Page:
Ticks out. Skins washed. Now it’s time to ID that bad boy. If you’re in the Northeast, you’re most likely going to come into contact with a black-legged tick (deer tick) or a dog tick. Either can be problematic, but luckily no Rocky Mountain Spotted Fever in these parts. Use the photo below to figure out which kind of tick you’ve had the pleasure of handling. If you’re in the Southwestern or Midwestern portion of the US, and you’ve got yourself a dog tick, you run the risk of Rocky Mountain Spotted Fever (at which point, you really do need to call your provider). Any of the ticks in the photo below carry the risk of causing Anaplasmosis or Ehrlichiosis. The symptoms are similar to Lyme or the flu but occur approximately two weeks after the tick bite occurred.

Tick Free NH and the CDC provide an illustration for identifying ticks. Photo by: CDC

Tick’s out, it’s a deer tick AND there’s a red mark!

That is absolutely normal. A foreign object was embedded in the skin for unknown hours. That red mark is almost definitely NOT the classic bullseye rash, because that takes a few weeks of being infected to develop (and can also appear anywhere on the body, not necessarily the site of the initial bite). The advice my parasitic diseases professor gave yours truly is to outline the red mark with a permanent marker (yuck). If the rash grows outside the original line, you’ve got yourself an erythema migrans rash and should call your PCP. If it doesn’t, mark your calendar for two to six weeks and put it out of your brain. The spot may be sore, in which case Green Salve can help heal the actual bite. If you happen to have some Arnica lying around, it will drastically decrease the soreness.

When should I call my PCP after a tick bite?

Whenever you want! But I advise caution before the two-week mark because they will often prophylactically prescribe doxycycline or other antibiotics. This is actually a solid move in cases where Rickettsial diseases (like Rocky Mountain Spotted Fever) are prevalent but questionable with diseases that spread more slowly, are less debilitating, and have a higher chance of recovery with products available on the market. This is typically why I get involved in social media posts in the first place. Prescribing antibiotics without clear need is a large reason for the rise in antibiotic resistance. The test for Lyme disease cannot reliably get a positive result until 4-6 weeks after infection. Unless you have the erythema migrans rash, fever, body aches, facial paralysis, or arthritis2, you’re better off living your best life. Otherwise, you’re probably going to be taking a lot of unnecessary antibiotics.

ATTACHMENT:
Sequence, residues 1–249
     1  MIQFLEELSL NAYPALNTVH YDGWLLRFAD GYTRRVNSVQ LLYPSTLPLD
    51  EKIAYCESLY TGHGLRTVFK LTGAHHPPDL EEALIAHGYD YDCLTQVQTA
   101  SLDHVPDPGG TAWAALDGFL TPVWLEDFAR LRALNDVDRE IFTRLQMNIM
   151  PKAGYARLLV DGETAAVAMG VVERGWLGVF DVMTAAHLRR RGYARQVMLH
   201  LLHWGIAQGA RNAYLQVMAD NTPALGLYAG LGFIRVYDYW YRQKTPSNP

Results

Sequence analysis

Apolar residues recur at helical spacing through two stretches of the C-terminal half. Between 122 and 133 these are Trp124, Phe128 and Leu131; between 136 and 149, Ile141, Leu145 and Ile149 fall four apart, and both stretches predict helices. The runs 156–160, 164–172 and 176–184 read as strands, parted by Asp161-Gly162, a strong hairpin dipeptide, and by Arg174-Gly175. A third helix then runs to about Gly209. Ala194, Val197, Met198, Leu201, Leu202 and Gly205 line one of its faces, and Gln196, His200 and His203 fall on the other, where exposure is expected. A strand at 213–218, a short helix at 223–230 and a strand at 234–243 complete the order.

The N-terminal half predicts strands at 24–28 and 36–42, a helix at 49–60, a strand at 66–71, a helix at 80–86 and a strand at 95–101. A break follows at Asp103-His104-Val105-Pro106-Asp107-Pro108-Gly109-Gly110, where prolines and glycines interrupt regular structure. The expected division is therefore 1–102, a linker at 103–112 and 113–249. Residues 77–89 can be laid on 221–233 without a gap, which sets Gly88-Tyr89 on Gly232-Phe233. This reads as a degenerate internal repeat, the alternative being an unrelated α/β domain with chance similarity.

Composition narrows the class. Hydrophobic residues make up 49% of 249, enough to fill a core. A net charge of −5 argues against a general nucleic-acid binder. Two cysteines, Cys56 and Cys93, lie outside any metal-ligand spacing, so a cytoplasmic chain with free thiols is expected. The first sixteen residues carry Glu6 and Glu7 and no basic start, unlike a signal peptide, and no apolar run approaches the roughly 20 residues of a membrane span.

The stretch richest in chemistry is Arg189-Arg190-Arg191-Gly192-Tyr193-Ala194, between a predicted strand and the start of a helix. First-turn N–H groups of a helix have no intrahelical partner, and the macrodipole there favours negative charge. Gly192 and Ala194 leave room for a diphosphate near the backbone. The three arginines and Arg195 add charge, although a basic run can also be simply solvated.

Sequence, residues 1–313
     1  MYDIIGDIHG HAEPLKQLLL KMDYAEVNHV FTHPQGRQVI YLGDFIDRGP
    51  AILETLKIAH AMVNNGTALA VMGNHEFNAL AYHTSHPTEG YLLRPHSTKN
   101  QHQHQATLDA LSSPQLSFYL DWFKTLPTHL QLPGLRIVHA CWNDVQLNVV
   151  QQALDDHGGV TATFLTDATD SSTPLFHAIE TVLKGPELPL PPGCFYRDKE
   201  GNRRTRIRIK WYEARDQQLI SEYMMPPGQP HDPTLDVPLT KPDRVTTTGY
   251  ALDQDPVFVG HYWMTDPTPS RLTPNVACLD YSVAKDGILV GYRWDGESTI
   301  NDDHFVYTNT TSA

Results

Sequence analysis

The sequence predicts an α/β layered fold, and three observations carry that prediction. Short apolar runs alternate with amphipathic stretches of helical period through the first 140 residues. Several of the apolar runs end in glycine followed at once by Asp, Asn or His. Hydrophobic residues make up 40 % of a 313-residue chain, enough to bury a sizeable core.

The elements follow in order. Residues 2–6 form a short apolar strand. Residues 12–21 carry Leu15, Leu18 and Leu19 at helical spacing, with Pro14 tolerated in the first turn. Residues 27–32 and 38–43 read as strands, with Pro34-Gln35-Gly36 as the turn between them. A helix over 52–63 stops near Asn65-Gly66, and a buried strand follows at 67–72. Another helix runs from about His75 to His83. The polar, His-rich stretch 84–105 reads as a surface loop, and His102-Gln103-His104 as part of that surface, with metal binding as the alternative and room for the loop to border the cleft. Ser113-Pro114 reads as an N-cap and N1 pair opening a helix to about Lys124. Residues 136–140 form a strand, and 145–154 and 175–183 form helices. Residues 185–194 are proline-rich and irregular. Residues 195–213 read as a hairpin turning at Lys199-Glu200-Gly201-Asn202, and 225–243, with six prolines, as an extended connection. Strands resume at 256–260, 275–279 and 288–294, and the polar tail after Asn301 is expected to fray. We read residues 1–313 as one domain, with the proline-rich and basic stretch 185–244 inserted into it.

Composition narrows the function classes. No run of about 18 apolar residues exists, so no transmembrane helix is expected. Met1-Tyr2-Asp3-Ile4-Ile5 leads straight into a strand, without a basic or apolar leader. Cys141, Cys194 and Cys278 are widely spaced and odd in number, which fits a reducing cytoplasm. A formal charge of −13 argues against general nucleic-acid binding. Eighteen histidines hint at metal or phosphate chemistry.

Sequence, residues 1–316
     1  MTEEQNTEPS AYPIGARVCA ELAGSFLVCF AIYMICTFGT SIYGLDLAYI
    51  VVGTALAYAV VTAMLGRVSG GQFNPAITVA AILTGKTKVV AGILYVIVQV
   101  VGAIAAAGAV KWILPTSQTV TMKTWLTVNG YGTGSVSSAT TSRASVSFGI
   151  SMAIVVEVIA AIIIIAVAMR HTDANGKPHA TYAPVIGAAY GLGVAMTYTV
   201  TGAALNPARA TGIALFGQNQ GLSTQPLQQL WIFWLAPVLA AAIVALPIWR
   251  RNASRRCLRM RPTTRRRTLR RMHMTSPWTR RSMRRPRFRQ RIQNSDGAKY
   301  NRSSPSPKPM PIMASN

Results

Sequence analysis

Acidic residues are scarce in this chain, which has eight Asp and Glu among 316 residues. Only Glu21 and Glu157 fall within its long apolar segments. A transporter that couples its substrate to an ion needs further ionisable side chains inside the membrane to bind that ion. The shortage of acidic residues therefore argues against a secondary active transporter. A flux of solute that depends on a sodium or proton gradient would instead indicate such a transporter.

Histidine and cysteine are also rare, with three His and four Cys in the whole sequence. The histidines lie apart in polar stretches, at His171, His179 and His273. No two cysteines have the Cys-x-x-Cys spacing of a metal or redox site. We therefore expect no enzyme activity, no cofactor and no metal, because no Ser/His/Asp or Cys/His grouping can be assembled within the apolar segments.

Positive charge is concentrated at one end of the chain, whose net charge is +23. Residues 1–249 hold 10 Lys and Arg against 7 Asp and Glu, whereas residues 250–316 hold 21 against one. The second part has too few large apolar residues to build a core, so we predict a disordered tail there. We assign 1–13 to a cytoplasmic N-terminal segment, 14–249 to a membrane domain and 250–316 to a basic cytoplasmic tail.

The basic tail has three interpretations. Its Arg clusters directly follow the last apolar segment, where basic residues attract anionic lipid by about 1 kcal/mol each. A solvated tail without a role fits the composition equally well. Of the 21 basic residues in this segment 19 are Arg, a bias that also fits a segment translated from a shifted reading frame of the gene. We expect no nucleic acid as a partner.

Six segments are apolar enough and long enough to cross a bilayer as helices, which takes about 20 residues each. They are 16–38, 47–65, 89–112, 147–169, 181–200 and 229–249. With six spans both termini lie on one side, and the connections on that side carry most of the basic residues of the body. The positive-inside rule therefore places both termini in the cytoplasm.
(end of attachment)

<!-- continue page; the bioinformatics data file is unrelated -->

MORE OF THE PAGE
Keep Your Family Off the Tick Dinner Menu

Of course, you really want to try to avoid coming into contact with ticks in the first place. But that doesn’t mean you should avoid nature entirely. Nature has amazing benefits for everything including eye health and emotional well-being. That being said, ticks are virtually everywhere there are mice. Yes, mice. Mice and other small critters are the primary vectors in the tick life cycle, making the nickname “deer tick” a bit of a misnomer. They’re referred to as “deer ticks” because the second phase of their life cycle (the mating part) involves attaching to a bigger mammal (namely, deer), at which point they are much easier to spot. The larva and nymphs, however, prefer small animals like mice and rabbits. This is where they typically become infected with Lyme in the first place. When it comes to tick prevention, you really want to use a multi-layered approach.

Build a Tick Fortress in Your Yard

A tick vector eating something. Photo by: Alexis Fotos.

There are really only a few options when it comes to effective lawn prevention – tick tubes, some sort of lawn application, and chickens. Tick tubes can be made yourself using old toilet paper rolls, cotton balls, and permethrin. The gist is mice crawl into the tubes, grab the cotton dipped in permethrin, and then use it to build their nests. This means that to achieve complete tick protection, you really need to place these out twice a year before the mice build their nests for their babies. I have not actually used these because I live on over two acres of land and, technically, you need to place them every 10-15 feet. That and my property is surrounded by conservation land so there’s really no controlling the mouse population in that sort of dynamic.